by Ann Covode
January’s birthstone garnet is one of Eve’s favorite gemstones and her birthstone as well. Red garnets have a long history, but modern gem buyers can pick from a rich palette of garnet colors: greens, oranges, pinkish oranges, deeply saturated purplish reds, but not blue. Red garnet is one of the most common and widespread of gems. But not all garnets are as abundant as the red ones. A green garnet, tsavorite, is rarer and needs rarer rock chemistries and conditions to form.
Thousands of years ago, red garnet necklaces adorned the necks of Egypt’s pharaohs, and were entombed with their mummified corpses as prized possessions for the afterlife. In ancient Rome, signet rings with carved garnets were used to stamp the wax that secured important documents.
The term carbuncle was often used in ancient times to refer to red garnets, although it was used for almost any red stone. Carbuncle was thought to be one of the four precious stones given to King Solomon by God. Centuries later, in Roman scholar Pliny’s time (23 to 79 AD), red garnets were among the most widely traded gems. In the Middle Ages (about 475 to 1450 AD), red garnet was favored by clergy and nobility.
Red garnet’s availability increased with the discovery of the famous Bohemian garnet deposits in central Europe around 1500. This source became the nucleus of a regional jewelry industry that reached its peak in the late 1800s. They are now exhausted.
Eve was first attracted to garnets as a young girl in France. Her parents presented her an opal heart with a halo of garnets for your 13th birthday. These were the famous Bohemian garnets from Czechoslovakia. She went to Prague with her family and learned more about the history of garnets.
Later, while studying antique jewelry methods she was challenged to make a piece resembling a pin from Charlemagne’s time with delicate walls separating shaped inlays of garnet. This mosaic like piece was difficult but Eve succeeded in mastering the design.
Eve played with multiple colors of garnets in a piece she designed a few years ago and entitled it “Darn it another garnet”. Later, when she needed a new engagement ring she employed Demantoid garnets which are green in color and scarce. She combined these with some family diamonds for an exquisite piece.
Demantoid garnets are very rare and were found around the early 1900’s. Salamander designs with these garnets became very popular among the well-known jewelry houses. Other interesting garnets include andradite garnets with both green and yellow . Color change garnets shift from blueish purple to pink or orange.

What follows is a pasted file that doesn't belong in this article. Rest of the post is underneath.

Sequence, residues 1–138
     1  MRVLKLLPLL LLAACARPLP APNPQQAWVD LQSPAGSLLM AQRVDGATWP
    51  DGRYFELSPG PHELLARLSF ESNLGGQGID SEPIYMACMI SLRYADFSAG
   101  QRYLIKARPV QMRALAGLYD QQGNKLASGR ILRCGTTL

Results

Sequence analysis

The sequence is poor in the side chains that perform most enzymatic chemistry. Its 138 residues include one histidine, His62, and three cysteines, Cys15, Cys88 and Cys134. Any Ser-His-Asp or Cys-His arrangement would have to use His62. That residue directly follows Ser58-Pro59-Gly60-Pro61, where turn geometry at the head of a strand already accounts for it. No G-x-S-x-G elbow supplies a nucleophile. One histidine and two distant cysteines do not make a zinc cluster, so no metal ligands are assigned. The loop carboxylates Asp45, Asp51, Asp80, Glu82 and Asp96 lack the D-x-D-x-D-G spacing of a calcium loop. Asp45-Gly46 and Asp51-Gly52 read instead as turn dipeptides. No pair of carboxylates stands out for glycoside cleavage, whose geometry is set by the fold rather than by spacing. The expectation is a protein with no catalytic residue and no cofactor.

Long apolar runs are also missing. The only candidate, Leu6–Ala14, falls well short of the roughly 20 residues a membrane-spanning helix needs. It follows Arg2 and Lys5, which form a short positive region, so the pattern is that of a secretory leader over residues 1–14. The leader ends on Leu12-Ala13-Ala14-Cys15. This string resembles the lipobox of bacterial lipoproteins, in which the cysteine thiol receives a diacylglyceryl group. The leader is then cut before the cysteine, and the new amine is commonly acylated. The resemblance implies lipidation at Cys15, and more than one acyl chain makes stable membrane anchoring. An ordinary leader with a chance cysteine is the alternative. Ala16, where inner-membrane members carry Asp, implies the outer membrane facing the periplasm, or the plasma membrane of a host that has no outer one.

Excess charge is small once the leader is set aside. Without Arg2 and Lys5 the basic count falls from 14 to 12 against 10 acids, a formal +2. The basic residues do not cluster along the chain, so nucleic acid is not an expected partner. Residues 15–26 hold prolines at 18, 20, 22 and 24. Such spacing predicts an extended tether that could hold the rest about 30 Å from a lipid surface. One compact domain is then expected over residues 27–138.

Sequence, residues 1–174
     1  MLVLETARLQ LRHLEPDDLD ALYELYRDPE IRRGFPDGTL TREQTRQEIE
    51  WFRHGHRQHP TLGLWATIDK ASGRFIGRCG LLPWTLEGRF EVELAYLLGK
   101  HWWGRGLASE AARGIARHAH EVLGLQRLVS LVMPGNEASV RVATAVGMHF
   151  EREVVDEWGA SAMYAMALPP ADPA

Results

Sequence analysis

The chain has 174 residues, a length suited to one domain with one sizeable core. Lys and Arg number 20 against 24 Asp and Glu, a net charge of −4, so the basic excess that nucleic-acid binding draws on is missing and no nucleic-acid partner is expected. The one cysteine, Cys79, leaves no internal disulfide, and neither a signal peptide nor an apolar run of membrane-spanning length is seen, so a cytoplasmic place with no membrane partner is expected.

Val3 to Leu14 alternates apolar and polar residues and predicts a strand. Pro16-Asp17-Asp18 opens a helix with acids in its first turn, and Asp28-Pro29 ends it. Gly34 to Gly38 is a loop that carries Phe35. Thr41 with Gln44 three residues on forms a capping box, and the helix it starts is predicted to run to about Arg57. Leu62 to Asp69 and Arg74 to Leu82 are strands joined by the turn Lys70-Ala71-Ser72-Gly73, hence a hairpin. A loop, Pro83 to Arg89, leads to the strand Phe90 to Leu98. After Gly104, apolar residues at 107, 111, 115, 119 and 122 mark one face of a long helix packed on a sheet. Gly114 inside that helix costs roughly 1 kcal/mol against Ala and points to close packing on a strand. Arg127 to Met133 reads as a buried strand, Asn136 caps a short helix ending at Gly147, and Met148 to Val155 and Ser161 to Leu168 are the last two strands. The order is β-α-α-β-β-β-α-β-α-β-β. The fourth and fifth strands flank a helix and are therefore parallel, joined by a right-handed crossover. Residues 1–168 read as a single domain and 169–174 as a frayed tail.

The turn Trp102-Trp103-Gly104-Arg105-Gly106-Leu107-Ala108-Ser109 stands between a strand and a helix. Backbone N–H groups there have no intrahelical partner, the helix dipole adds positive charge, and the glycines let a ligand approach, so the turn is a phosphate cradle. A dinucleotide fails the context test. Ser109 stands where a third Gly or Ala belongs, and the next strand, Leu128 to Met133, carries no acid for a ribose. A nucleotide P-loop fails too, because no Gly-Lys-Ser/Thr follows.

Mt. St. Hilaire garnets are a delightful peach color and bring back many memories for Eve as she remembers visiting this delightful place near Quebec when she was a college student at McGill. This renowned gem site features a unique topography and stone varieties found nowhere else.
In Eve’s recent collections she has created beautiful pieces with garnets. In her “Doors of Perception” pendant she features a cabochon hessonite garnet in a 14k gold bezel with 9-14k gold granules which almost suspend it in the beautiful sterling silver setting. The “Doors of Perception” are based on a design known as a Yantra in Hinduism. A Yantra is a symbolic figure. It’s world is to be protected once you cross the inner triple circle.
In her “Sacred Geometries” series she created this luminous “6 times 6” Hessonite garnet necklace with a 14 karat gold clasp and 6 spessartite garnets.
Also, for the “Sacred Geometries” series she recalled ancient shapes with these “One plus two plus three” earrings in 18 karat rose gold with 2 anthill garnets and 2 garnet briolettes.
“Vampire’s Kiss” ring with 14 karat gold and 14 karat white gold features a large garnet with 12 black diamonds and 20 small diamonds.
This beautiful “Reticent Splendour” necklace from Eve’s “Feather’s” series features garnets, mandarin garnets, spinels and sapphires.
Come explore the wide selection of garnets at Eve Alfillé Gallery & Studio! You won’t be disappointed.